Part of it is, each time, there has to be a radical innocence when you start a book. Sure, you learn a ton of things from the last book, and the last book, and the last book. And when you’re as old as me and as long in the craft, there’s been a lot of ‘and the book before, and the book before.’ But that’s the thing: you have to recover that innocence, what the Zen masters called ‘beginner’s mind’ because that new book you’re writing is its own critter. You have to learn what that book wants to be, because otherwise you’re just going with a cookie cutter that worked last time and imposing it on your material. And I don’t get any enjoyment out of not learning when I’m writing a book. If I’m not surprised, my reader won’t be surprised. I’m constantly discovering. And sometimes I take a wrong turn because I want to impose my will on the story, and it starts to go flat. And I have to go back and listen harder again. 

In some ways, a celebration of storytelling, a celebration of a life lived was the privilege of practicing something that I think is my calling – what I was put on this earth to do. But also, an understanding that I’m learning. I’m constantly learning, and that’s what keeps me interested. If I already knew everything that was going to go in a book, I’d get bored and I think my reader would, too. It has to have the juice of discovery and learning.

You dedicate this book to Anon – to people who are unknown to you who have given you help, love and support throughout your life. It made me think about you and the legacy you have built in this global world of literature. I am sure you have met only a portion of your readers at this point. Why was it important for you to dedicate this book to Anon?

Anon represents so many invisible people – some also invisible to me, but invisible in the sense that down the ages, women could not publish or be out in public. And whenever something of theirs got into the mainstream, it was ‘By Anonymous.’ So who were those anonymous? All those mothers and abuelitas and storytellers of the past. All the sisters of Shakespeare, or daughters of Milton. All those anons. So I’m thinking about them, and I’m thinking of all the many people: From la tía that sewed your dress when you did your first recitation in school, and gave you your robes to wear in public; everybody that contributed; the teacher who stayed a little extra time so that you would understand the difference between a noun and a verb, or learn your English when you came to Nueva York. All those people.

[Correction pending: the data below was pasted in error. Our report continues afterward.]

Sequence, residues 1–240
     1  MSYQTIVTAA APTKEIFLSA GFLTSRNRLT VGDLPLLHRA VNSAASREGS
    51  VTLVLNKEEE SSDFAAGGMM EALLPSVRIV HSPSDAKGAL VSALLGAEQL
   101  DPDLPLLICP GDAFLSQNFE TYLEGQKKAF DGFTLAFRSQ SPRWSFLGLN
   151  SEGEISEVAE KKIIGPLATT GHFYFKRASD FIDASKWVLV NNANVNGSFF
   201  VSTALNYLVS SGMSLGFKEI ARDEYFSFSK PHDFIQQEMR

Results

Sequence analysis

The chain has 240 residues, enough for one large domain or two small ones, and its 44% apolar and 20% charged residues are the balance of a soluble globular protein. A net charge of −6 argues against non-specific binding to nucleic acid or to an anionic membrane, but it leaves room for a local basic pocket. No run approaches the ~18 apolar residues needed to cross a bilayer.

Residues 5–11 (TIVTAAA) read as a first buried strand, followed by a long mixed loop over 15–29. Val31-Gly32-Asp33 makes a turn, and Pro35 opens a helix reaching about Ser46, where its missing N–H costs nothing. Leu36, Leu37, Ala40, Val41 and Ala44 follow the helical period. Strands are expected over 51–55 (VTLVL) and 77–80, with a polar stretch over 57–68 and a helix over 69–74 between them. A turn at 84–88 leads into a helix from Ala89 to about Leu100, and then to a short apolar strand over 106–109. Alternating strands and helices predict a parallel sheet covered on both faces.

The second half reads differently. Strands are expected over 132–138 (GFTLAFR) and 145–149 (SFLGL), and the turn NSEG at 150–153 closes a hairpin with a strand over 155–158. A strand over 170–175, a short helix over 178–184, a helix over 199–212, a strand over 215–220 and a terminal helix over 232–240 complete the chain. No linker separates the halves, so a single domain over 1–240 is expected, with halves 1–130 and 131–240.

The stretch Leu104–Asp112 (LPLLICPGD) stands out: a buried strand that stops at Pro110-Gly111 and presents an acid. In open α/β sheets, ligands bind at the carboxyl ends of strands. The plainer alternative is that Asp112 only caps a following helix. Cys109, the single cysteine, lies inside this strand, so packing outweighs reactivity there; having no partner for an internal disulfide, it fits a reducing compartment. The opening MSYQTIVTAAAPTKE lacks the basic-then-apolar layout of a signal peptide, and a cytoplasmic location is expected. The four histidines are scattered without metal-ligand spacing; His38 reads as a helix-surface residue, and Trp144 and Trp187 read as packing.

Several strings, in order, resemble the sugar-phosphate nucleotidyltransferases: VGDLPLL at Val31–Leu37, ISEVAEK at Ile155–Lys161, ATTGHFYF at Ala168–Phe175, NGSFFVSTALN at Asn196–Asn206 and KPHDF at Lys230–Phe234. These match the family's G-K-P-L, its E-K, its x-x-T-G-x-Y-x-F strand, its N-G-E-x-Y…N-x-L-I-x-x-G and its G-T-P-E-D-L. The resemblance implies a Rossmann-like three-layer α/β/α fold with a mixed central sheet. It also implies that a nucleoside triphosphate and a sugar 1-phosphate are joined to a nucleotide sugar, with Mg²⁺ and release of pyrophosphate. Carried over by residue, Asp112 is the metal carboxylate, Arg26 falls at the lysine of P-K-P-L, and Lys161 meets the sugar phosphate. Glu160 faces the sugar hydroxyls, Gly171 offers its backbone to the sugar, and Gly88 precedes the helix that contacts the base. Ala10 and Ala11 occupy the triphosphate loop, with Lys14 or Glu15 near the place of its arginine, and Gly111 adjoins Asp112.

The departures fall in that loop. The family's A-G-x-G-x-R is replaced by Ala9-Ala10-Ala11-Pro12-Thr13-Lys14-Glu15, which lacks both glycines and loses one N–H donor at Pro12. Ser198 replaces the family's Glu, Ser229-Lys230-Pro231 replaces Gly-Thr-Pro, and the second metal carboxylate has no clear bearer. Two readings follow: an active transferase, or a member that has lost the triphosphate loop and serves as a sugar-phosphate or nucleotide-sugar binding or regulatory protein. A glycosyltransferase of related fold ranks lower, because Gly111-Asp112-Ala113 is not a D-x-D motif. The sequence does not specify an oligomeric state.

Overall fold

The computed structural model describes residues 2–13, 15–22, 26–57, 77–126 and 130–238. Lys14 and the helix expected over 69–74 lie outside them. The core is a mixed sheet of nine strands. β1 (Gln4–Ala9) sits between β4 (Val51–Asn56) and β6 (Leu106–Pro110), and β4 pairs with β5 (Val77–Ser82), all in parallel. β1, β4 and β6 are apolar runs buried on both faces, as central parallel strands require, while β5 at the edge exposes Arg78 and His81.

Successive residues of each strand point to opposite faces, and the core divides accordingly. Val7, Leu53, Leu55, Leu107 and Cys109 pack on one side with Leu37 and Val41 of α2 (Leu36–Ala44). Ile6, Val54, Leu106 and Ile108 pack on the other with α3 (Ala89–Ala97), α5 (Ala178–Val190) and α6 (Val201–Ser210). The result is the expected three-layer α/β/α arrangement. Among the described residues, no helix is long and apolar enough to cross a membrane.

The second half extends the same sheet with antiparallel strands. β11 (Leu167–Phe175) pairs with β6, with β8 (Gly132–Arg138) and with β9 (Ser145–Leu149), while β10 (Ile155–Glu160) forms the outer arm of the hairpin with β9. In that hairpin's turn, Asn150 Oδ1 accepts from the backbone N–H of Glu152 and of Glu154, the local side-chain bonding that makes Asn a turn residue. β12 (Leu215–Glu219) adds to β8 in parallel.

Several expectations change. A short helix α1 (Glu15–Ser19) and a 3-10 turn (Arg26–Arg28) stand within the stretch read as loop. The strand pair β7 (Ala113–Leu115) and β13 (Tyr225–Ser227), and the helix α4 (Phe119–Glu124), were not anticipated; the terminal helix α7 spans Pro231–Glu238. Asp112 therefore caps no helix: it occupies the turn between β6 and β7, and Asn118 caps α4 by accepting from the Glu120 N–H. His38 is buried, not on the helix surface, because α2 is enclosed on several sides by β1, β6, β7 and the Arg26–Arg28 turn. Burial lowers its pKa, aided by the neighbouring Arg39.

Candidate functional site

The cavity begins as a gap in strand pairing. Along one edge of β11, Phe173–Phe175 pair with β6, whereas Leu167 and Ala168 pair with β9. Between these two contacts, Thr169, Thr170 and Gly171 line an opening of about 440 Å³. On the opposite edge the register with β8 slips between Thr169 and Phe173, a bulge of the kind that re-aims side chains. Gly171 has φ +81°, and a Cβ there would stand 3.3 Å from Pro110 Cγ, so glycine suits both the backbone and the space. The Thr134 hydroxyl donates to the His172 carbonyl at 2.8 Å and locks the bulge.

There’s a wonderful Native American story that I just love. It’s about a woman that wants to touch the stars. All her life she reaches, and reaches, and reaches, and she can’t yet reach the stars. And then when she’s an old woman, she finally touches the star. Father Sky looks down and says, ‘How did you get to be so tall?’ And she says, ‘I’m standing on a lot of shoulders.’ And that’s the way I feel.


Visit our Bookshop to preorder a copy of The Cemetery of Untold Stories.


About the Author:

Julia Alvarez left the Dominican Republic for the United States in 1960 at the age of ten. She is the author of six novels, three books of nonfiction, three collections of poetry, and eleven books for children and young adults. She has taught and mentored writers in schools and communities across America and, until her retirement in 2016, was a writer in residence at Middlebury College. Her work has garnered wide recognition, including a Latina Leader Award in Literature from the Congressional Hispanic Caucus Institute, the Hispanic Heritage Award in Literature, the Woman of the Year by Latina magazine, and inclusion in the New York Public Library’s program “The Hand of the Poet: Original Manuscripts by 100 Masters, from John Donne to Julia Alvarez.” In the Time of the Butterflies, with over one million copies in print, was selected by the National Endowment for the Arts for its national Big Read program, and in 2013 President Obama awarded Alvarez the National Medal of Arts in recognition of her extraordinary storytelling.


Amaris Castillo is a journalist, writer, and the creator of Bodega Stories, a series featuring real stories from the corner store. Her journalism has appeared in The New York Times, the Lowell Sun, the Bradenton Herald, Remezcla, Latina Magazine, Parents Latina Magazine, and elsewhere. Her creative writing has appeared in La Galería Magazine, Spanglish Voces, PALABRITAS, Dominican Moms be Like..., and most recently in Quislaona: A Dominican Fantasy Anthology. Her short story, "El Don," was a finalist for the 2022 Elizabeth Nunez Caribbean-American Writers’ Prize by the Brooklyn Caribbean Literary Festival. Amaris lives in Florida with her family. You can follow her work at